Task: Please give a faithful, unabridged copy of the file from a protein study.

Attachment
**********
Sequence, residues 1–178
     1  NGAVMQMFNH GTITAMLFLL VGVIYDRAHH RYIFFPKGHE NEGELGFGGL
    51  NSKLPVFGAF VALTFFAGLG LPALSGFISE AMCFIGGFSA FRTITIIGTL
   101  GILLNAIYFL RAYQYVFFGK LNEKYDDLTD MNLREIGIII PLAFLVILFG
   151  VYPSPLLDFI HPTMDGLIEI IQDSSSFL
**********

Sequence, residues 1–178
     1  NGAVMQMFNH GTITAMLFLL VGVIYDRAHH RYIFFPKGHE NEGELGFGGL
    51  NSKLPVFGAF VALTFFAGLG LPALSGFISE AMCFIGGFSA FRTITIIGTL
   101  GILLNAIYFL RAYQYVFFGK LNEKYDDLTD MNLREIGIII PLAFLVILFG
   151  VYPSPLLDFI HPTMDGLIEI IQDSSSFL